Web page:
Breast Cancer Research and Treatment

, Volume 138, Issue 1, pp 69–79 | Cite as

Critical role for reactive oxygen species in apoptosis induction and cell migration inhibition by diallyl trisulfide, a cancer chemopreventive component of garlic

  • Kumar Chandra-Kuntal
  • Joomin Lee
  • Shivendra V. SinghEmail author
Preclinical study


Diallyl trisulfide (DATS) is a structurally simple but biologically active constituent of processed garlic with in vivo activity against chemically induced as well as oncogene-driven cancer in experimental rodents. This study offers novel insights into the mechanisms underlying anticancer effects of DATS using human breast cancer cells as a model. Exposure of human breast cancer cells (MCF-7 and MDA-MB-231) and a cell line derived from spontaneously developing mammary tumor of a transgenic mouse (BRI-JM04) to DATS resulted in a dose-dependent inhibition of cell viability that was accompanied by apoptosis induction. A non-tumorigenic normal human mammary cell line (MCF-10A) was resistant to growth inhibition and apoptosis induction by DATS. The DATS-induced apoptosis in MDA-MB-231, MCF-7, and BRI-JM04 cells was associated with reactive oxygen species (ROS) production as evidenced by fluorescence microscopy and flow cytometry using a chemical probe (MitoSOX Red). Overexpression of Cu,Zn-superoxide dismutase (Cu,Zn-SOD) as well as Mn-SOD conferred significant protection against DATS-induced ROS production and apoptotic cell death in MDA-MB-231 and MCF-7 cells. Activation of Bak, but not Bax, resulting from DATS treatment was markedly suppressed by overexpression of Mn-SOD. The DATS treatment caused ROS generation, but not activation of Bax or Bak, in MCF-10A cells. Furthermore, the DATS-mediated inhibition of cell migration was partially but significantly attenuated by Cu,Zn-SOD and Mn-SOD overexpression in association with changes in levels of proteins involved in epithelial–mesenchymal transition. The DATS-mediated induction of heme oxygenase-1 was partially attenuated by overexpression of Mn-SOD. These results provide novel mechanistic insights indicating a critical role for ROS in anticancer effects of DATS.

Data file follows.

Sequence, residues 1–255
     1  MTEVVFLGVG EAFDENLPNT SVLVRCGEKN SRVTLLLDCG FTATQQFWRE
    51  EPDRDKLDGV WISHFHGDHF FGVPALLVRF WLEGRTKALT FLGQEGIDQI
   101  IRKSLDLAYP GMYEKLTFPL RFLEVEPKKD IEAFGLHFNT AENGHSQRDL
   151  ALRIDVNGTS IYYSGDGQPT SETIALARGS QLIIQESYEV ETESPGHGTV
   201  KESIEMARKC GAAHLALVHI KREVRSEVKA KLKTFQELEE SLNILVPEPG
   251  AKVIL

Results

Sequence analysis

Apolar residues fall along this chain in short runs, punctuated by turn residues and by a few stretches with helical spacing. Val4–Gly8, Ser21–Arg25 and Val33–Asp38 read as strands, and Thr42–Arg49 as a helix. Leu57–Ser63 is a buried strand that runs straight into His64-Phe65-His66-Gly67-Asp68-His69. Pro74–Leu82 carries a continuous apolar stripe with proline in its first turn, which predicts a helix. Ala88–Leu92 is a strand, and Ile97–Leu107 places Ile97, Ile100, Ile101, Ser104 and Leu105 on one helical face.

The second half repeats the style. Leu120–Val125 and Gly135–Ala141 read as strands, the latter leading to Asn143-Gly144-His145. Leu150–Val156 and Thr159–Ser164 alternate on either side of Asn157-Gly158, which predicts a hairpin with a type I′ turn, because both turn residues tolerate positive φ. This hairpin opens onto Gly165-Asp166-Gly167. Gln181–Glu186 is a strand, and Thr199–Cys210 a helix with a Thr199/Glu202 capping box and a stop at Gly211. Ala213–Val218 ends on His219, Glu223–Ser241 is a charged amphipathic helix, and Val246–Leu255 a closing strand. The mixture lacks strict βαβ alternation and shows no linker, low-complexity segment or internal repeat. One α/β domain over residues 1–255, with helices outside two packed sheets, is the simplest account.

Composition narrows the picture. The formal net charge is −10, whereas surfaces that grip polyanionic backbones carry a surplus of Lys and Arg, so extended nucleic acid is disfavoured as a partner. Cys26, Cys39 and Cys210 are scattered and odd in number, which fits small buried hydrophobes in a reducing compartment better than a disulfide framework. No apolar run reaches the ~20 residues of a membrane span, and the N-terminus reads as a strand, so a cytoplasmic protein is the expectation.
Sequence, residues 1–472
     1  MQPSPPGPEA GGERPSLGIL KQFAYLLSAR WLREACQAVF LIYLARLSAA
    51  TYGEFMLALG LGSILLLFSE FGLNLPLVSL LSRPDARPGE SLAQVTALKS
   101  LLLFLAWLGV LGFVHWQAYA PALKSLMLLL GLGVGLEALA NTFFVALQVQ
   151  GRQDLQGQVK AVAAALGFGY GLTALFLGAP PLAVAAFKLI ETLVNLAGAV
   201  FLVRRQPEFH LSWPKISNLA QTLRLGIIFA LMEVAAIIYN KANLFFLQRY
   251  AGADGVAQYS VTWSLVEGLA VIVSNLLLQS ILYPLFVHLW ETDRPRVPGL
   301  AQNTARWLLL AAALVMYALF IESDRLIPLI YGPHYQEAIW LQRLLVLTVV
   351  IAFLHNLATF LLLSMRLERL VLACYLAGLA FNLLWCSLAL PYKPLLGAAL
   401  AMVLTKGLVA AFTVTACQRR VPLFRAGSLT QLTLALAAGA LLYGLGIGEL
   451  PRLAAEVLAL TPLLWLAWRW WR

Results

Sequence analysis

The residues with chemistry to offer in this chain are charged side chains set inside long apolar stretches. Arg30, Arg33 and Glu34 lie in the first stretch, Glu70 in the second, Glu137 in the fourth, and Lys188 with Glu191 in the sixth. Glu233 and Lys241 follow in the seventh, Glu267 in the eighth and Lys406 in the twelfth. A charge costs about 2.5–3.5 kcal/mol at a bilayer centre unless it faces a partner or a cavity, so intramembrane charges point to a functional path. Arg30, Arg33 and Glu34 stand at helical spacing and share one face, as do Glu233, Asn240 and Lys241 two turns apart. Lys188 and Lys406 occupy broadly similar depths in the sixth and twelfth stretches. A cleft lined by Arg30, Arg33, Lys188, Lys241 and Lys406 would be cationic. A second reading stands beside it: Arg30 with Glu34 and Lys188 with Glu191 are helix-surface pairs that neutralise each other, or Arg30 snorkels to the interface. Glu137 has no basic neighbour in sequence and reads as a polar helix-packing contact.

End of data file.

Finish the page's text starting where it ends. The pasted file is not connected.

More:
Diallyl trisulfide Reactive oxygen species Apoptosis Chemoprevention 



Diallyl trisulfide




Reactive oxygen species




Dimethyl sulfoxide


Phosphate-buffered saline


Superoxide dismutase


Human epidermal growth factor receptor-2


Epithelial–mesenchymal transition


c-Jun NH2-terminal kinase


Heme oxygenase-1



Research reported in this publication was supported by the National Cancer Institute of the National Institutes of Health under award number R01 CA113363-07 (to SVS). This research project used the Flow Cytometry Facility that was supported in part by a Grant from the National Cancer Institute at the National Institutes of Health under award number P30 CA047904.

Conflict of interest

KC-K, JL, and SVS declare no conflict of interest.


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Copyright information

© Springer Science+Business Media New York 2013

Authors and Affiliations

  • Kumar Chandra-Kuntal
    • 1
  • Joomin Lee
    • 1
  • Shivendra V. Singh
    • 1
    Email author
  1. 1.Department of Pharmacology & Chemical BiologyUniversity of Pittsburgh Cancer Institute, University of Pittsburgh School of MedicinePittsburghUSA

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